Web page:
World News

Edo State Poly, Nigeria wins Canadian govt’s grant for gender, STEAM research

The Edo State Polytechnic, Usen, Nigeria has won a research grant for an explorative research programme aimed to advance gender equality in Science, Technology, Engineering, the Arts and Mathematics (STEAM).

The programme is funded by Canada’s International Development Research Centre (IDRC) and is to be implemented in collaboration with Carleton University in conjunction with multidisciplinary experts in Canada and the Edo State Polytechnic.

Rector of the Polytechnic, Prof. Abiodun Falodun, who disclosed this in a chat with journalists in Benin City, said the institution’s Center for Gender Studies and Women Development was established as an academic research unit to advance studies in gender mainstreaming, women empowerment, girl-child education, among others.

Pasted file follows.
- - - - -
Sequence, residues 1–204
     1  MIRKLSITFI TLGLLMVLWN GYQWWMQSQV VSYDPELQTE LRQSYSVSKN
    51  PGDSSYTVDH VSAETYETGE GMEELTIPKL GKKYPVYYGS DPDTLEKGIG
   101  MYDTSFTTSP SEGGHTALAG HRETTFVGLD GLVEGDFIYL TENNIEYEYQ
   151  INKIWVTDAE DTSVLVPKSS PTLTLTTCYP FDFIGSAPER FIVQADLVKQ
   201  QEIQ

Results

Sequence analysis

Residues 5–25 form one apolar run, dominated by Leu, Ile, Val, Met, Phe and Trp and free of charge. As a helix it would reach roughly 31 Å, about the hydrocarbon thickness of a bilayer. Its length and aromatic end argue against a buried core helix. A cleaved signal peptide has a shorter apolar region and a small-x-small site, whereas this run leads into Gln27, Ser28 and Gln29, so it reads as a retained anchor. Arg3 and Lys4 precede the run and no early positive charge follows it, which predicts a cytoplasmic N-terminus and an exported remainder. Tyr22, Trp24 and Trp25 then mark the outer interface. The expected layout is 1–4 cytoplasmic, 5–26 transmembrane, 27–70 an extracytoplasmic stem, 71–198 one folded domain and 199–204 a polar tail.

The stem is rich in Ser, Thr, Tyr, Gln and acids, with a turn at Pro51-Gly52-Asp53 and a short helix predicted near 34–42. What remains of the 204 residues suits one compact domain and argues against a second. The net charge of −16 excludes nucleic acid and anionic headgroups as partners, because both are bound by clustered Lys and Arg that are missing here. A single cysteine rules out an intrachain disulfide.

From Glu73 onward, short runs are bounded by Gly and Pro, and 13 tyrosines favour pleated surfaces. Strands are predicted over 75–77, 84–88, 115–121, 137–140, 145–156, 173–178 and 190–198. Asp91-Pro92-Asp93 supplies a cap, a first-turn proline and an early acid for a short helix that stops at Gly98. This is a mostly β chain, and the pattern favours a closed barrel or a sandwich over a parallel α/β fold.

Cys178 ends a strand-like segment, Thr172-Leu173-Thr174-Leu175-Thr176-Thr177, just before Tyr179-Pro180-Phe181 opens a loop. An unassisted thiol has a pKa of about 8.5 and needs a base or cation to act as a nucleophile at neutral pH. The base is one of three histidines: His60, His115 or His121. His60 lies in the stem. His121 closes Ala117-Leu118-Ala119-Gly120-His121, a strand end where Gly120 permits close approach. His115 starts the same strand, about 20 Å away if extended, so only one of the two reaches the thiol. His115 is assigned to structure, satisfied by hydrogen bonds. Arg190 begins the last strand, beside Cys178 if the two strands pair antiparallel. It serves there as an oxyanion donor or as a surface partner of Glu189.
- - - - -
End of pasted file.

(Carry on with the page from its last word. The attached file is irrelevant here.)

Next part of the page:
According to him, “We are elated that the Center for Gender Studies and Women Development has just attracted this grant to the school. This is a result of our focus on equipping our people with the right skills for grants seeking to expand the resource base for us to conduct impact research as an institution.

“The Edo State Government was quite clear when it gave us a mandate to make this school an international resource center for research and development. This grant, which extends our academic reach to researchers and resources in Canada and other Low- and Middle-Income Countries (LMIC), is a major boost. We expect more of such grants in the coming months.”

Prof. Falodun added that the grant would strengthen the school’s capacity in contributing to efforts at combating gender-based stereotypes in education institutions in developing countries.

The IDRC says the Gendered Design in STEAM project “will contribute to more inclusive technological designs in Science, Technology, Engineering, the Arts and Mathematics (STEAM) by building capacity in gendered innovations. Gendered innovations are new or improved products and processes designed using sex and gender analysis and that generate substantial benefits for society and advance gender equality.”